YES! It is possible to have Medicare cover the cost of an electric scooter.
(Consider this post your one-stop Scooter Resource!)
Dear Maria: My mother was diagnosed with MS several years ago and is unable to get around on her own. Does Medicare cover the cost of an electric scooter? What happens if it breaks? Is there an electric scooter parts store or a place where I could buy extra electric scooter batteries to extend the life of it? Thanks for your help. Jessica, Philadelphia, PA
Dear Jessica: It is possible that Medicare will cover the cost of an electric scooter for your mom. However, there are a few critical steps to making sure that the process is smooth.
1. Make sure your aging parent has Part B Medicare
If she has only Part A which covers hospitalizations, she will have to pay for the electric scooter herself unless she has Medicaid or another supplemental insurance plan that might partially cover the cost. If this is the case it’s best to speak directly with her individual plan to find out what may be covered before proceeding. Tip: The easiest way to tell if your mother has Medicare Part B is to look at her Medicare card – if there is a “B” after her i.d. number, this would indicate the Part B coverage.
2. Speak with the doctor
Your mother’s diagnosis of MS must be clearly documented in her medical record and her doctor must be willing to write a prescription for the electric scooter. In addition, the physician must describe your mother’s day-to-day functioning in her medical record so that it’s clear that not having an electric scooter severely limits her independence. It’s important that he or she is very specific on this point.
Why is documentation so critical?
Medicare will want to be sure that your mother’s upper body strength is such that she cannot use a traditional wheelchair for mobility and that without the electric scooter, she would essentially be confined to a chair or bed. At the same time however, it must be noted that your mother could safely transfer on and off the electric scooter and operate the manual controls. Assuming that your mother’s daily functioning is significantly impacted by her illness to the point I’ve just described, the physician should be willing to make the appropriate notations in the chart (if they’re not there already) and write the necessary prescription.
3. Be prepared for the co-pay
As with other equipment covered by Medicare, the recipient of the electric scooter will be responsible for 20% of the cost. If you mother has Medicaid or another supplemental policy, it’s possible that one of these plans will pick up the co-pay amount so it would be important to check before proceeding.
4. Choose a vendor
Choosing a vendor to work with in ordering the electric scooter is an important step in the process. While you can purchase an electric scooter from any store that sells them, Medicare will only pay for electric scooters purchased through a Medicare approved provider. Each approved provider will have an official Medicare supplier number. Once you’ve found a Medicare approved provider, that provider can still fall into one of two categories with important distinctions between them.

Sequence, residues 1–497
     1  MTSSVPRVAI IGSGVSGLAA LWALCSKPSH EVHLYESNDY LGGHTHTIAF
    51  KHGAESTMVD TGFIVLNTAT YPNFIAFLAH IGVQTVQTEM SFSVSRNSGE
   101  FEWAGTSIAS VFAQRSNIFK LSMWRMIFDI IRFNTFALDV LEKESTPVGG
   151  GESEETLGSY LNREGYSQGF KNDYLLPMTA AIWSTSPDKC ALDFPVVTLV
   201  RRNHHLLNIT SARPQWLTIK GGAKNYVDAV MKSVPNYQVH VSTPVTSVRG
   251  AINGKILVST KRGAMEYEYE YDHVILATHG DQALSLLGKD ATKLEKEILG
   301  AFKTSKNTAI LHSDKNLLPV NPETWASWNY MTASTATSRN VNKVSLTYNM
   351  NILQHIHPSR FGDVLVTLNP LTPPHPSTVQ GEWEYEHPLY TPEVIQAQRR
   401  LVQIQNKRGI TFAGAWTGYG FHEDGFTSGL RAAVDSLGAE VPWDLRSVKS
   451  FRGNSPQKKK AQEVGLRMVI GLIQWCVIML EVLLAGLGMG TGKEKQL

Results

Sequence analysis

The two types of vendors and why this matters
The first category of electric scooter vendors is what is known as “participating suppliers” or those who “accept assignment”. A vendor in this category has agreed that they will be paid my Medicare and will only charge you (or the supplemental insurance plan you may have) the 20% co-pay.
The second category is comprised of those vendors who don’t participate or don’t accept assignment. This group of providers is able to charge up to 15% more than the Medicare rate. This category of providers may also want you to pay for the scooter in full and then wait for the Medicare reimbursement.
If you go with a vendor in category 2, keep in mind that it can take three to six months to receive the reimbursement from Medicare, maybe longer.
What if my aging parent participates in a managed Medicare (also known as a Medicare Advantage) plan?
Great question! In this case there may be a list of pre-approved vendors that she must purchase from or risk not having the electric scooter covered at all. My best advice here is to call the individual plan to inquire about a pre-approved vendor list before doing anything else.
Who covers the maintenance of an electric scooter?
Regardless of whether your mother ultimately chooses to rent or own her electric scooter (she’ll be given the option in writing after nine months), she will be responsible for 20% of the cost of the scooter’s maintenance unless she has Medicaid or a supplemental insurance plan that may pay this 20% – another important thing to check. Since maintenance is a routine part of the package so-to-speak, under Medicare’s guidelines, I would not be concerned with finding extra electric scooter parts or electric scooter batteries. Leave that task to the vendor who will perform the maintenance.
5. Just like dress shopping, make sure it fits before you buy!
Before an electric scooter is selected, it’s a good idea to measure the door frames in your mother’s home so you can be sure which models will fit. Also, your mother should be part of selecting the scooter if at all feasible. She will spend significant time in this piece of equipment so it’s important to be sure it is both comfortable and easy to use.